BUMP! ….er

Since Christmas, I’ve been modifying a Tamiya F350 High-Lift body to fit the chassis of my Blizzard/truck thing from the last post. It most likely wouldn’t have taken so long, but I’ve been making a lot of changes, including cutting out most of the bed, as well as shortening said bed. Then there’s various holes in the body that had to be patched up. All of that is for another post.


For the last fifteen years, I’ve had a Clodzilla twin tube front bumper/brush guard on the chassis. It’s primary purpose to help prevent any hard direct hits to the drive sprockets. However, I had it mounted on some scraps of metal I’d found lying around, from the last people that owned this house, and couple bits of aluminum sheet I’d had left over. The whole thing was kind of ghetto, and the factory equipped P clamps that came with the bumper just don’t help. The hardware I’d used to hold everything together was grossly over-sized, meaning I couldn’t get enough in to keep things stable. A good smack or two on the bottom of the bumper would leave it leaning forward, there was just no tightening it up enough to stop it.


I’ve had enough, and I wanted a new bumper mount that actually holds the thing in place, and looks like at least a couple of fucks were given in its construction. The new one is made from aluminum angle. Four small pieces of ½”x½” and two small pieces of 1/2″x3/4″ angle stock from local home destruction center. (Why is there code for ½ and ¼ but not for 3/4? It’s fractist!)


The 1/2×3/4″ stuff was used, mainly to let me use the holes I’d already drilled for the old setup. Due to the slope of the front of the chassis, I had to cut it at an odd angle, to get it to hold the rest of the rig horizontal. The old one angled down; I didn’t want that on the new one. The asymmetrical angle was cut with the short legs pointing forward. The longer legs were needed to reach the existing mounting holes, and since there was to be no more than 1¼” between chassis and the bumper, there wasn’t really enough room for the longer legs. These are effectively mounting brackets. Two 1¼” long pieces of the symmetrical angle were bolted to the brackets, with the horizontal side on top, and towards the inside. Had I attached them with the horizontal side on the bottom and towards the outside, I could have bolted the bumper directly to them, and saved myself some work. I didn’t do that, for two reasons. One, I don’t like the way it would look, two I want those top surfaces for mounting other things. Eventually, I want to put a winch on this sucker. For now, I’m bolting on a pair of tow hooks I got from RC4WD. Two small ½” pieces of angle are bolted to the inside of the longer pieces, with their horizontal side on the bottom and outside. These are what the bumper is bolted onto.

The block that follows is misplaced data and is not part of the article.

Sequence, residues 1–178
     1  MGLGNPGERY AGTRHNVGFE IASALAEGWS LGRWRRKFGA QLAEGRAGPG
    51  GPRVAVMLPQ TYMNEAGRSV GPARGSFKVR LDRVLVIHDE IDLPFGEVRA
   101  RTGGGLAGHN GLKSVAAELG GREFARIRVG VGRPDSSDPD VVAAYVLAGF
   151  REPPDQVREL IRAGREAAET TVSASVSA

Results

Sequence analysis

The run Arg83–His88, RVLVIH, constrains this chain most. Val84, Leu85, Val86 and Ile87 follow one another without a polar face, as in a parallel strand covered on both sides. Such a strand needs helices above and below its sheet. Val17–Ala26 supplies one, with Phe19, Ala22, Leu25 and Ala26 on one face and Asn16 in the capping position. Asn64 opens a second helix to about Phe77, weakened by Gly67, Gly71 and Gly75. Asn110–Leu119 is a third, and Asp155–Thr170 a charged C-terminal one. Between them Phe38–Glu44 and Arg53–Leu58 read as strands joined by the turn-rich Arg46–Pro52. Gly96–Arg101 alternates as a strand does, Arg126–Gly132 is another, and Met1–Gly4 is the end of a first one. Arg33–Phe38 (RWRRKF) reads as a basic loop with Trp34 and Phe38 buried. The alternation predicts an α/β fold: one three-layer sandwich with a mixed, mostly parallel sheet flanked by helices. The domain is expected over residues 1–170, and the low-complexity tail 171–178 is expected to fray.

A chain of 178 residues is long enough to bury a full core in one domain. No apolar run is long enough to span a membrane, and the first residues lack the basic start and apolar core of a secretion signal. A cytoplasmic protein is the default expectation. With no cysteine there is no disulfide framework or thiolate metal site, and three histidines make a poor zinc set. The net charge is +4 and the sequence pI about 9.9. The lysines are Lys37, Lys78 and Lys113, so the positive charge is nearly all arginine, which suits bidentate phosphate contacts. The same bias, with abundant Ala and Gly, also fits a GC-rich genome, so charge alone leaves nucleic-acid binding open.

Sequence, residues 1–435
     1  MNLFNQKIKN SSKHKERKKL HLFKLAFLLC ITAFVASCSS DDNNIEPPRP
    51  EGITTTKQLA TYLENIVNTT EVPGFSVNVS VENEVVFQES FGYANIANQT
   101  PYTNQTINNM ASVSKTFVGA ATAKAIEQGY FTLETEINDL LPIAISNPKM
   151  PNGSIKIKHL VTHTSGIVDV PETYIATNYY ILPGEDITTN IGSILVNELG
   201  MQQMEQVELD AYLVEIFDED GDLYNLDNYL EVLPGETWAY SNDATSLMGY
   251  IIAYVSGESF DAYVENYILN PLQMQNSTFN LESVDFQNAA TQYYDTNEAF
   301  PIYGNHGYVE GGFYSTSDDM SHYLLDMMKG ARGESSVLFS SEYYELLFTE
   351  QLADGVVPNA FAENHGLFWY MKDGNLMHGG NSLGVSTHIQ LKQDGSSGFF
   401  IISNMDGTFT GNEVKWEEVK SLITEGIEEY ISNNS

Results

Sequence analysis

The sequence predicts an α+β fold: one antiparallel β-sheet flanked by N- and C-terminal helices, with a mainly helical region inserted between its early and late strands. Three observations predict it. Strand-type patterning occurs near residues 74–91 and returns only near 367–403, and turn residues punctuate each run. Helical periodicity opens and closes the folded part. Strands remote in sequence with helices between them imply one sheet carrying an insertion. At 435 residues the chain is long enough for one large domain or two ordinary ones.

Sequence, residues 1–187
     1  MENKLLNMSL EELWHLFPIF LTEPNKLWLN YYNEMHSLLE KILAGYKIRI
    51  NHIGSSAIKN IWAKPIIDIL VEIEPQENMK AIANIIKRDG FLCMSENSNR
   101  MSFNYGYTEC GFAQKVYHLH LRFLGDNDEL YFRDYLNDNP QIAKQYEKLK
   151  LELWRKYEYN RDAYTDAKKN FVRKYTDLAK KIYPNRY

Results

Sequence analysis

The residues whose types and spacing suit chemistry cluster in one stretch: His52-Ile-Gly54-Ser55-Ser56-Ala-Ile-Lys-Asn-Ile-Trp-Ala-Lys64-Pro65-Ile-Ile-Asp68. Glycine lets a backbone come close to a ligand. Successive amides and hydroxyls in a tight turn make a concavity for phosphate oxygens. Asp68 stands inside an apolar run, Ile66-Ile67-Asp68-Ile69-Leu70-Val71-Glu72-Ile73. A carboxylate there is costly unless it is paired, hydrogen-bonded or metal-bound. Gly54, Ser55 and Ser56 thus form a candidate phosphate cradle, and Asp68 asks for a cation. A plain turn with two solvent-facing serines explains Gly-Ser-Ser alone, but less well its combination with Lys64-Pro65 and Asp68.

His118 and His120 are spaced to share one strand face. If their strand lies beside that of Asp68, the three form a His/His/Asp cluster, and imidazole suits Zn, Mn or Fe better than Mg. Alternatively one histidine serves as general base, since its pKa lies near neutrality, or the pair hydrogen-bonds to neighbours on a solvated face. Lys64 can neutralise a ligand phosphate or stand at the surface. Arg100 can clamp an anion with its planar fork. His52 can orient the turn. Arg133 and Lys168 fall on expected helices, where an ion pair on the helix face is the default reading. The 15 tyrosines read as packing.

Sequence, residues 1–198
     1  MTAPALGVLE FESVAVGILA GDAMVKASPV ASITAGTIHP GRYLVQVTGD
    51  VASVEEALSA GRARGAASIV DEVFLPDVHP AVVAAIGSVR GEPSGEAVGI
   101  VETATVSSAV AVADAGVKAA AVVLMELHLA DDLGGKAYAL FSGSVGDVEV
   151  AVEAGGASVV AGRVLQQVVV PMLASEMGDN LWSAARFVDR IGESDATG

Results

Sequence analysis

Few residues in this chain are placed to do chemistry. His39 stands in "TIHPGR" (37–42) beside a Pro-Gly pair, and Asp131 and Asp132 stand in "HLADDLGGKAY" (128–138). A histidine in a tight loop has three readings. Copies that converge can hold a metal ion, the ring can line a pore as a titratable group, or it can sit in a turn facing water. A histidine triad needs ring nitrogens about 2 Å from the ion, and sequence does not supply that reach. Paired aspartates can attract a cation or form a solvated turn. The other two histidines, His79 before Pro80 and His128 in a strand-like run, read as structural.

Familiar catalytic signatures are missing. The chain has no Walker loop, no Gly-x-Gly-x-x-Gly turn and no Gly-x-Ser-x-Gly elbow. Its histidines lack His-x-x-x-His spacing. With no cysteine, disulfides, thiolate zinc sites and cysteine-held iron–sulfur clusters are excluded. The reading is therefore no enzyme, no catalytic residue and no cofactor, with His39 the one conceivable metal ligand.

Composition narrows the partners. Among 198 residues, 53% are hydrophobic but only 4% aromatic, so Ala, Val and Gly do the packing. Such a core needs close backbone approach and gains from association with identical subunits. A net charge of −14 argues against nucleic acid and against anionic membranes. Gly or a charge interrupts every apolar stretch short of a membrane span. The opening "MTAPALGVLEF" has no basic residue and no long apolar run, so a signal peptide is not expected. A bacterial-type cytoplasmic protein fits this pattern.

The bumper sits a little bit higher than it used it, but is still low enough to protect the drive sprockets from most things the truck can’t simply climb over. The new mount is solid, with no fear of anything pivoting. And, it looks so much nicer.


That said, I’m going to remake the long side pieces. I screwed up mounting those tow hooks, leaving a hole and a few divots on the tops of those rails. Since part of the reason behind this rebuild was to have something that didn’t look like it was kludged together from scraps, I’m replacing those. They’re not hard parts to make, and the angle stock I used was like three feet long. I’m using less than four inches, here.



January 2015